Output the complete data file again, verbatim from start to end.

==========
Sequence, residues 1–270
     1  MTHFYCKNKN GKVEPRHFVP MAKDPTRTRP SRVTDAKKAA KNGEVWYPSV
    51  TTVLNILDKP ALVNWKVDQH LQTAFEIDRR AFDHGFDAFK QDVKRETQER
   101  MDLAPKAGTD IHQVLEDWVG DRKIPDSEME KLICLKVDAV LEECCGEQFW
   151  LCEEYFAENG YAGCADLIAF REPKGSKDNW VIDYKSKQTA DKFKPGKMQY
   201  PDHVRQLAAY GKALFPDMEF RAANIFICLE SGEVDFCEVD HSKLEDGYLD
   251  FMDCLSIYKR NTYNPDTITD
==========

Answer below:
Sequence, residues 1–270
     1  MTHFYCKNKN GKVEPRHFVP MAKDPTRTRP SRVTDAKKAA KNGEVWYPSV
    51  TTVLNILDKP ALVNWKVDQH LQTAFEIDRR AFDHGFDAFK QDVKRETQER
   101  MDLAPKAGTD IHQVLEDWVG DRKIPDSEME KLICLKVDAV LEECCGEQFW
   151  LCEEYFAENG YAGCADLIAF REPKGSKDNW VIDYKSKQTA DKFKPGKMQY
   201  PDHVRQLAAY GKALFPDMEF RAANIFICLE SGEVDFCEVD HSKLEDGYLD
   251  FMDCLSIYKR NTYNPDTITD